Recovery and Reconstruction

The Reality

Vital Infrastructure Destroyed

Political turmoil in Palestine and Lebanon has afflicted communities for decades. Important buildings are often damaged or demolished in periods of violence.

Many communities are poor and lack proper infrastructure, so flooding and other natural disasters can also have devastating effects. Since 2008, Gaza has seen six major escalations in the conflict, interspersed with sporadic bombing campaigns. The effects of these wars can still be seen and felt in the many destroyed and damaged homes, schools, businesses and farms. Gaza reconstruction has been slow because of restrictions on moving construction materials through Gaza’s heavily restricted borders.

From time to time, bouts of violence flare up in the Palestinian refugee camps of Lebanon, putting civilian families in the crossfire. When clashes erupt, many Palestinian and Syrian refugees find themselves forced to flee again. In 2007, for example, many buildings in Nahr El Bared camp were completely destroyed, and residents were left to pick up the pieces of their lives. In 2020, the Beirut port explosion severely damaged entire neighborhoods of Beirut, killed more than 200 people and displaced some 300,000 from their homes.

Anera's Response

Post Emergency Reconstruction

When a humanitarian crisis strikes in Lebanon, Jordan or Palestine (East Jerusalem, Gaza and the West Bank), Anera is there so families can get back on their feet.

Anera’s post-conflict reconstruction efforts help restore water networks, farms and preschools.

When the fighting ends, attention often drifts elsewhere, but needs persist long after bombs stop falling. Following the bombardments of Gaza, Anera’s post-conflict reconstruction efforts help restore water networks, farms and preschools.

In the aftermath of armed conflicts in Lebanon’s refugee camps, Anera helps residents recover by rebuilding and equipping community centers, clinics and public spaces. We also install water tanks on homes to ensure that thousands of residents have safe and reliable access to clean water—a basic necessity that often vanishes during emergencies.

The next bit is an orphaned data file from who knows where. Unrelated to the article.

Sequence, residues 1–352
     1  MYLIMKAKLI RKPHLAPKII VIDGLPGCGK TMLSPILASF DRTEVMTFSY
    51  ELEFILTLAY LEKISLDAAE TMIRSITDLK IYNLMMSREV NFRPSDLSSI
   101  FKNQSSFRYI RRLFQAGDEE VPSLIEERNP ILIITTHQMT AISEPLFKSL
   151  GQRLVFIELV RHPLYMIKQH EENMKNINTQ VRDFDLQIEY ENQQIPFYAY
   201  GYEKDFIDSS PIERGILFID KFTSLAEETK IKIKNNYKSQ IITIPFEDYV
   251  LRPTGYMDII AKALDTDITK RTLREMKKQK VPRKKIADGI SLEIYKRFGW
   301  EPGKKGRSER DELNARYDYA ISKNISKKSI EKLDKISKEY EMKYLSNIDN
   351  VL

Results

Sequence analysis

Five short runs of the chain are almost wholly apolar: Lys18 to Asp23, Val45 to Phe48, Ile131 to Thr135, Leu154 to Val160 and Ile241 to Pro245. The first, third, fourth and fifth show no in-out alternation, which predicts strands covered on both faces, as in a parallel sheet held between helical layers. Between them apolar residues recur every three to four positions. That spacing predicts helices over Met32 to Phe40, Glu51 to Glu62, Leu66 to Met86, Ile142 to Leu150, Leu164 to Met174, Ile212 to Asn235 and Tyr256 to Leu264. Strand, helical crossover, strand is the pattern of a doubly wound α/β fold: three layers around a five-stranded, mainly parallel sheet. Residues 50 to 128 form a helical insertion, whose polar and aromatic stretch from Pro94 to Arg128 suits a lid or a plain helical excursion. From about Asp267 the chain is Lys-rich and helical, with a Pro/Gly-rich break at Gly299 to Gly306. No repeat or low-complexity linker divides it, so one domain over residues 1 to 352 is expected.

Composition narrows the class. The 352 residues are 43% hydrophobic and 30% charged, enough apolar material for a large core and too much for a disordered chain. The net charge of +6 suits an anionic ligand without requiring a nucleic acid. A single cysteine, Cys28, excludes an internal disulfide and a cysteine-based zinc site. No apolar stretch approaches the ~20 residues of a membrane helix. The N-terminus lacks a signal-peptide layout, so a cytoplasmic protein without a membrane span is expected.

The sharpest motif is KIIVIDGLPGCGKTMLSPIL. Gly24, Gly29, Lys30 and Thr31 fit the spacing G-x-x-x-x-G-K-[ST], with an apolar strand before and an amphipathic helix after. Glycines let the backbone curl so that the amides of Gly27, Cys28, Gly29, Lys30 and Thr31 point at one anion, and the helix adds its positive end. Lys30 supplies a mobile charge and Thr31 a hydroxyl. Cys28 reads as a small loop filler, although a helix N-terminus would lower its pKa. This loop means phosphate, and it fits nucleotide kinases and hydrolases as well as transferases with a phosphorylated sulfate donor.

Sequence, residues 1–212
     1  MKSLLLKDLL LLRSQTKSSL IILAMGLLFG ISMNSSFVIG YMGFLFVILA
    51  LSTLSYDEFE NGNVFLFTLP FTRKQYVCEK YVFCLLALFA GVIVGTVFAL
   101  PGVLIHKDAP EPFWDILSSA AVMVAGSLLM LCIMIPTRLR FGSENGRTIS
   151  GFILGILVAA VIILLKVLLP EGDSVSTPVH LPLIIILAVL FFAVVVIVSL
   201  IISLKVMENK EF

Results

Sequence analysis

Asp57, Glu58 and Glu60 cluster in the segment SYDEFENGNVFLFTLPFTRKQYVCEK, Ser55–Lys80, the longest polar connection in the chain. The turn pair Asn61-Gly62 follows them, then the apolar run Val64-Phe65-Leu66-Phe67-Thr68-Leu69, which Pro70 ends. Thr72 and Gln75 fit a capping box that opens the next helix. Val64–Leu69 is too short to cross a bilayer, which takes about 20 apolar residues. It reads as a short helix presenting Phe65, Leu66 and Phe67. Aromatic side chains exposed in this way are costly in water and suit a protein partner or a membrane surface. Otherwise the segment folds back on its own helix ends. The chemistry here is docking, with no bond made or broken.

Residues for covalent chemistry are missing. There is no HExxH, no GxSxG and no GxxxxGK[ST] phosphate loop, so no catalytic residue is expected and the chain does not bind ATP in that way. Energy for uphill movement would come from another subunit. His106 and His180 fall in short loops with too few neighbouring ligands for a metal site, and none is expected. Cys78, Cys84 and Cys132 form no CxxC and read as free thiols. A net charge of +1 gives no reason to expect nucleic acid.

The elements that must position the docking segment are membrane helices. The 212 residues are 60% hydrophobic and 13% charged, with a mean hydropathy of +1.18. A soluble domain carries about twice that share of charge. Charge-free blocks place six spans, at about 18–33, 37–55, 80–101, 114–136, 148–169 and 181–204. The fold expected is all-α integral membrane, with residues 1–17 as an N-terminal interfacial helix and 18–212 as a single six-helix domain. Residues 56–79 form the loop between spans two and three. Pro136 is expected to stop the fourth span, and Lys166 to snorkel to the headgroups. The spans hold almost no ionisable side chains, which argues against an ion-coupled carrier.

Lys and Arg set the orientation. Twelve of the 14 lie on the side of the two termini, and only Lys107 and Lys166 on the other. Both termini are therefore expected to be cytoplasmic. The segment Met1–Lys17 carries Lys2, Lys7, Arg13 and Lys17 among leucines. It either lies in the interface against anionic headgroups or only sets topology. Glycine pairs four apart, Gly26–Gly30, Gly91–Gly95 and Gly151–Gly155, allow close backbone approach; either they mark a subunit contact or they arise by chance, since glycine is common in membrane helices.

Following the Beirut explosion, Anera organized youth volunteers and students from our vocational training courses to help clean up streets and rehabilitate 1,100+ homes and businesses throughout the city.

Anera also works to prevent the need for reconstruction. This means that we put reliable infrastructure into place. In communities across the West Bank, Anera has constructed water drainage systems that redirect rainwater away from population centers, and installed water networks. In just four years, from 2019 to 2023, Anera connected 154,931 Palestinian homes in Gaza to reliable sources of water, upgrading wells and water networks in 32 communities. Our engineers also completed urgent repairs of 14 wastewater networks, affecting 47,586 Palestinians in 18 Gaza communities.

How It Works

  • Assessment

    Assess damage from the emergency. 

  • Identification

    Identify primary needs of the community and local partners to work with.

  • Planning

    Plan sustainable projects that will deliver and last. 

  • Reconstruction

    Reconstruct and rehabilitate schools, hospitals, community centers, water networks and other damaged infrastructure.

  • Observation

    See generations of positive effects—from children educated in rebuilt schools, to families making a living by farming restored fields.

67,624 residents of four West Bank towns are safer because of storm water drainage systems Anera built in their communities.


The explosion at the Port of Beirut in the capital city of Lebanon damaged over 62,000 residential spaces and 20,000 business buildings. With support from Anera's community, we are able to rebuild homes and buildings that were damaged.